When I last studied the topic in third quarter of 2019, Americans owed more than $1.9 trillion in student debt. And the debt isn’t owed by, to use Texas Sen. Ted Cruz’s phrase, “slacker baristas who take seven years to finish college.” Read more

Veteran journalist: I read “The 1619 Project.” Critics need to calm down.

“The 1619 Project: A New Origin Story” is displayed at a New York City bookstore on November 17, 2021. (Photo by Spencer Platt/Getty Images)

You’d have to be completely out of the political loop—and I suspect you aren’t, if you are reading this—to not have heard of “The 1619 Project” and the brouhaha surrounding it.

A publication of journalist Nikole Hannah-Jones and The New York Times, “1619” first appeared in an August 2019 issue of the New York Times Magazine. In May 2020, Hannah-Jones was awarded the Pulitzer Prize for Commentary for her opening essay.

It was in 1619 that African slaves were first brought to America—the year before the Mayflower arrived—and the dust jacket of the expanded book version of the project refers to it as “a new origin story.” 1619, writes Hannah-Jones, is when the real story of America began, not 1776 when the American Revolution began.

I managed to miss out on reading the original version in the Times and I may not have maintained interest in it were it not for former President Donald Trump. Trump introduced many people to the project in September 2020, when he lumped it in with critical race theory, an academic concept many Americans had never heard of before. He called both “a crusade against American history . . . toxic propaganda, ideological poison that, if not removed, will dissolve the civic bonds that tie us together, will destroy our country.”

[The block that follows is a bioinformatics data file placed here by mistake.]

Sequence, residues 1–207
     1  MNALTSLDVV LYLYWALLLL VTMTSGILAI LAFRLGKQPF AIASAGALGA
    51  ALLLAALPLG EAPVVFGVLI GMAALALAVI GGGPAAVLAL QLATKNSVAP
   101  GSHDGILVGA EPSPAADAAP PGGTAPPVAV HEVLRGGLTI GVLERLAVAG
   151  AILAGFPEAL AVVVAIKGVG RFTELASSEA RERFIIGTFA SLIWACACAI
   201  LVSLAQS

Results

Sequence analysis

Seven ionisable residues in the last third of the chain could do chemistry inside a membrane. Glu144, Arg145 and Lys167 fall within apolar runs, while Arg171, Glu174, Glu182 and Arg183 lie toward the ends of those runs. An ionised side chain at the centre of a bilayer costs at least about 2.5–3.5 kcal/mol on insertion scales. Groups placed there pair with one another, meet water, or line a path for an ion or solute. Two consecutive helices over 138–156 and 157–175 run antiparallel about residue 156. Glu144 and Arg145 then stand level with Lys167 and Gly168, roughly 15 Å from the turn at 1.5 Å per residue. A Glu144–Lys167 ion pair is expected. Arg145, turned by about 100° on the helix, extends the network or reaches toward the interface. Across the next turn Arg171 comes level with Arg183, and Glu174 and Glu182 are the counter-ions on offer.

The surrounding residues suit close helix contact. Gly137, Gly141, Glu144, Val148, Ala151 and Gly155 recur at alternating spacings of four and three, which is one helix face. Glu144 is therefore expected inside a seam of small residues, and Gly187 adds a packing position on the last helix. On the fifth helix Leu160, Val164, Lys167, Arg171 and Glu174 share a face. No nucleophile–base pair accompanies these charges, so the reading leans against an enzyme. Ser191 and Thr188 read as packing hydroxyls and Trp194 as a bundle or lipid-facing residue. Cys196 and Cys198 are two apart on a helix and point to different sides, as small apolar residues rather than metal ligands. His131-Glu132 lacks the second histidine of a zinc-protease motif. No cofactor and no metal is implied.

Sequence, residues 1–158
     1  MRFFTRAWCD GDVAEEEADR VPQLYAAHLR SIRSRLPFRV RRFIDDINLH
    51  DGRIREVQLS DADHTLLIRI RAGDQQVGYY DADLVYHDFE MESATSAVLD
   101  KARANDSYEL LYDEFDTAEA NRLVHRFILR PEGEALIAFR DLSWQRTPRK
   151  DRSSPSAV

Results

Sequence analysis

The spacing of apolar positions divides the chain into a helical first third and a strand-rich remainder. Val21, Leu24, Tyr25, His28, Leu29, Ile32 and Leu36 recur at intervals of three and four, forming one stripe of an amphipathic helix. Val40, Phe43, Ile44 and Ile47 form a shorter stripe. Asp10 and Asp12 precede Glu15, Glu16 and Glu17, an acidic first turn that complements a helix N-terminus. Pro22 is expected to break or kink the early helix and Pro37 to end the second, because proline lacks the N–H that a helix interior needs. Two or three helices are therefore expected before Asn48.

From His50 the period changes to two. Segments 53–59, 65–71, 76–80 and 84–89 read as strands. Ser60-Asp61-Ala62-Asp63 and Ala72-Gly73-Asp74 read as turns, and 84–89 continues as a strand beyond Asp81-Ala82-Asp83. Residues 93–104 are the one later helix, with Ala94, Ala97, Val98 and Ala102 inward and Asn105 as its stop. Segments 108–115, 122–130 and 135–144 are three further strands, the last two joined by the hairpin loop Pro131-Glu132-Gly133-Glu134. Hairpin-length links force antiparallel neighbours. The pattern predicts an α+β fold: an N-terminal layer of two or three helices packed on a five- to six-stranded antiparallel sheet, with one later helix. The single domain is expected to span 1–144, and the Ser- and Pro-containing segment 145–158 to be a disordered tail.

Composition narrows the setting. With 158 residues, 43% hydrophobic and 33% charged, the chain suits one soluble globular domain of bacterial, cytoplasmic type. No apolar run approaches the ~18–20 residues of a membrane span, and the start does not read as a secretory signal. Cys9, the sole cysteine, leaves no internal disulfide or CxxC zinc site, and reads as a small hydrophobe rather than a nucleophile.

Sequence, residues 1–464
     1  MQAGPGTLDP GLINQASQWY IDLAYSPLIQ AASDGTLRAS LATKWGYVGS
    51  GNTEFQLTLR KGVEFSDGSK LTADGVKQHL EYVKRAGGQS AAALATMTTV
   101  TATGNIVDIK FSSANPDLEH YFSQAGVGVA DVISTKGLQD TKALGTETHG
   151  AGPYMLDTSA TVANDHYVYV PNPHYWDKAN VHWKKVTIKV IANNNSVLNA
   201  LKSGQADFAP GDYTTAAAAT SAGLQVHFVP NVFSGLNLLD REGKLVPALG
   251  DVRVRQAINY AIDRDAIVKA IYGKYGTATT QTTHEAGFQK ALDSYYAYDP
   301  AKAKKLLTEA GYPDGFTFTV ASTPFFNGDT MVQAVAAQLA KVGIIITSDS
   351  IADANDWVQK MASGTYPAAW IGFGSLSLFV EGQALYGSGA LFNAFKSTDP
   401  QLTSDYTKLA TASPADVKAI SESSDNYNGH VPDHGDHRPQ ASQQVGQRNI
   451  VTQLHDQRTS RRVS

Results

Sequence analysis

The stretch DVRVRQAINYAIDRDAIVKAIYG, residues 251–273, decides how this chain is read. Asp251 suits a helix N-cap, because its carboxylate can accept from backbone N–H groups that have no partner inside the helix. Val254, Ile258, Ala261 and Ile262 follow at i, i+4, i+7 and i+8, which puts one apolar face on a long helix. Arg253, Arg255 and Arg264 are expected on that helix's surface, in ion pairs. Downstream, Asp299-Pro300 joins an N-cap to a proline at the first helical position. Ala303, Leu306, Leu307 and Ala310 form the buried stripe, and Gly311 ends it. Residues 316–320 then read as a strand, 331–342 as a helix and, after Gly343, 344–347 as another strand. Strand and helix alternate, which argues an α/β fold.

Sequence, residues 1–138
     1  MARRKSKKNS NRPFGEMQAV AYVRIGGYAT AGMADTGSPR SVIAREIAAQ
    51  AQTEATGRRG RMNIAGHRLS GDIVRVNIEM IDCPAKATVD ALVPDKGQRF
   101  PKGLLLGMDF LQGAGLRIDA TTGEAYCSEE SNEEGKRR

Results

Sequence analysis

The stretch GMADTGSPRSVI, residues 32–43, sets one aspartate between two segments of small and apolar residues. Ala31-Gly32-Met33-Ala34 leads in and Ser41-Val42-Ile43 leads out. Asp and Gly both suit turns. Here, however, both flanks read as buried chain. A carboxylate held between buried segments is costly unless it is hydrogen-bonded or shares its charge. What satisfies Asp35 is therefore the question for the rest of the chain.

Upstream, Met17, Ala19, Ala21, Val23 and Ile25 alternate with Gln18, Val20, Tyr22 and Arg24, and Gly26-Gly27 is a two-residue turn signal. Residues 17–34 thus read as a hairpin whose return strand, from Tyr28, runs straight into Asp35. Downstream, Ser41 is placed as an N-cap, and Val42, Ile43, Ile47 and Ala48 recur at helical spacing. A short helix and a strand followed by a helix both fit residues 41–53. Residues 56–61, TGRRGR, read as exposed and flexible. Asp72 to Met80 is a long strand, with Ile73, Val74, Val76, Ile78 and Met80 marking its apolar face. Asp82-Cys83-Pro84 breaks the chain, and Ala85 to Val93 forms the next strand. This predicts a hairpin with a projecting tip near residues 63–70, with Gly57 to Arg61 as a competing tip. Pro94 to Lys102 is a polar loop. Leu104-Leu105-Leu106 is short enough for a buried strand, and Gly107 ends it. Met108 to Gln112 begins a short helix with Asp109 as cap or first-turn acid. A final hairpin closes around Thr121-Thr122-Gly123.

I’m one of the people who had never heard of critical race theory before and now that I’m familiar with it, I feel confident telling you that your kids in public school aren’t going to get schooled in it. While “The 1619 Project” has developed a curriculum that can be taught in schools, I also feel confident that wasn’t going to happen in many public schools even before the legislatures in Tennessee and some other states passed laws earlier this year banning the instruction of critical race theory. [Editor’s note: North Carolina lawmakers passed a similar bill, but it was successfully vetoed by Gov. Roy Cooper.]

But I like a challenge and there’s nothing like the president of the United States calling writing “toxic” to make me want to check it out. I bought the book as soon as I could, read it as fast as possible and now I’m here to review it.

There’s been so much Sturm und Drang over “The 1619 Project” from right wing groups like “Moms For Liberty” and Trump supporters, I was surprised the book didn’t arrive with a big “Trigger warning!” sticker on it. I went into the book with an open mind, frankly expecting to be surprised by historical revelations.

I wasn’t surprised, as much of the book seems to be common sense, but I learned a hell of a lot. Read more